NICK DOUGLAS — Are Macs just for hipster designers? Not at all! Maybe you've wanted to switch to a Mac, but you were afraid it wouldn't work with your Office files. Maybe you can't convince your parents they won't lose their vacation photos. Maybe your boss thinks Macs are toys not meant for serious adults. For all those cases, here are 42 reasons that normal people can switch to Macs.
They're compatible. Right out the box, Macs and PCs use the same:
1. Wifi. Wireless Internet works the same with Macs and PCs.
2. Internet. The vast majority of web sites work on both systems.
3. E-mail. Every form of e-mail system (except Microsoft Exchange systems) works fine on Macs. The last couple of versions of the Mac operating system, OS X, support Exchange as well, using this setup.
4. MP3 files. This is the most common form of music files. (WAV files work too. For other forms, see below.)
5. DVDs and CDs. Watch the same movies, listen to the same albums.
6. MPG files. This is a popular video format.
7. ZIP files. Mac has an unzipper just like WinZip for these compressed files.
8. PDF files. Love 'em or hate 'em, you can use 'em.
9. Image files. All your bmp, jpg, gif and png files are just fine.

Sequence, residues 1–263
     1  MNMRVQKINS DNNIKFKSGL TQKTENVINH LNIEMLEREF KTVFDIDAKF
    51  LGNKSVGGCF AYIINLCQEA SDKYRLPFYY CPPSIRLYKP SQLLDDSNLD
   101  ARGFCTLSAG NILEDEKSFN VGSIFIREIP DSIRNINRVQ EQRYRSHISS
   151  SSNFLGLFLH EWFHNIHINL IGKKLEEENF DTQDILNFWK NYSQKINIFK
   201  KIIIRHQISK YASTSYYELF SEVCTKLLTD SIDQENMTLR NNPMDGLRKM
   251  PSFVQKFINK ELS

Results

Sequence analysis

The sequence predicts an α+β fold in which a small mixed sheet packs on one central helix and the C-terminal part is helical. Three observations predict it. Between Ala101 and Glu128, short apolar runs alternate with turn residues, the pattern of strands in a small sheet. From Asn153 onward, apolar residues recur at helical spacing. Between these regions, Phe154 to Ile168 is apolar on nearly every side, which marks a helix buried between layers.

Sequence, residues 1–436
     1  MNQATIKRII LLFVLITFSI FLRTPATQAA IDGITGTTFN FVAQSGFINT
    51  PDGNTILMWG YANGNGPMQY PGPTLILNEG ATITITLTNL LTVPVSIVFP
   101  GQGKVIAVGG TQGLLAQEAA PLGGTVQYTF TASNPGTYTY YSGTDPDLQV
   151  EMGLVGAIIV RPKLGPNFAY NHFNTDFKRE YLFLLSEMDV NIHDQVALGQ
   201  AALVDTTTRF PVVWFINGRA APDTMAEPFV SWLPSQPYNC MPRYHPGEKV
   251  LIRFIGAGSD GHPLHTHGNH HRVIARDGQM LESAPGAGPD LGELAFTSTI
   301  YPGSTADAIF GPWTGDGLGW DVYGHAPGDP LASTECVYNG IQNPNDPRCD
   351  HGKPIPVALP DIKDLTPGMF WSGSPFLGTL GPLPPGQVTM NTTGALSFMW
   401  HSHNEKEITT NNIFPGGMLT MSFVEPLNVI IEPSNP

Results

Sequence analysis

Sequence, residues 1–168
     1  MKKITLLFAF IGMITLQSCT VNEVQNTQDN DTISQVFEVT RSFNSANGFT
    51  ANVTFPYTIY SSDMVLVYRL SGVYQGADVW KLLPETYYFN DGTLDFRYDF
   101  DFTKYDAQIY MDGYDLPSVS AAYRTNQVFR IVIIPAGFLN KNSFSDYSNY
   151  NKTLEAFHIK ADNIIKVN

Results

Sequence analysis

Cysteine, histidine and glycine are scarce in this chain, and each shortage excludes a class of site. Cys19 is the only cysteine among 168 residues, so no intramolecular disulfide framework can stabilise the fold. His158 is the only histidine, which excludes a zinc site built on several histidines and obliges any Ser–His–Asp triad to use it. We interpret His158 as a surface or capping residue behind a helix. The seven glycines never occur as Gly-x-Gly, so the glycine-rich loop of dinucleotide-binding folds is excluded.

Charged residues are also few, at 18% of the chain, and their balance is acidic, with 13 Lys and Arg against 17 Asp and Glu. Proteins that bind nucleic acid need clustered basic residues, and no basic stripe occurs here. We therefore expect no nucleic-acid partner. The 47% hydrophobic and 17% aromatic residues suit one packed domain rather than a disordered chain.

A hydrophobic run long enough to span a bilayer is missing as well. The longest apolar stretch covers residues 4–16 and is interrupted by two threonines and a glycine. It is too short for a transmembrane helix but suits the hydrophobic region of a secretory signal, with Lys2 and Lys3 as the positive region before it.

10. MOV files, a video format that's popular on the web, will work better than ever.
With a little software, Macs can run:
1. WMA and WMV files. These "Windows-only" music and video files work after installing Windows Media for Mac.
2. AVI files. These work best on VLC, a media player that can handle nearly every file on Windows or OS X. It's the only program you need for movies.
3. Office files (.doc, .xls, etc.). Just buy Microsoft Office as you would on a PC.
4. Photoshop files. Just, um, buy Photoshop.
5. Windows. Yep. You can install Windows and move any files and programs that still won't work on your Mac.
Dig these nifty programs:
1. Macs come with iPhoto, iMovie, and iTunes to handle your photos, movies and music in a friendlier way than the clunky systems on Windows. Of course, if you like files and folders (so do I!) you can keep handling your media that way.
2. Adium combines AIM, Yahoo IM, Google Talk, and a bundle of other instant messaging programs. It's slick, friendly, and customizable.
3. Firefox is a great internet browser for Windows and Mac. (You might also like the Mac's normal browser, Safari.)
4. Dashboard widgets are little programlets that can display the weather, an inbox, the white pages, flight info, how well your computer's doing, when Heroes is on next, and plenty of other information.
5. Quicksilver lets you start any program or open any file on your system by hitting a few keys (instead of digging through a programs folder or start menu).
6. Podworks lets you download music from an iPod to a Mac.
7. This is really just a super-useful feature that comes with OS X. Press apple-shift-4 to take a partial screenshot, just capturing the part of the screen you want. You drag and click, OS X drops the file onto your desktop. It's a great way to clip from pictures or show someone what's happening on your screen.
8. And there's so much more, on lists like this and this and this and this.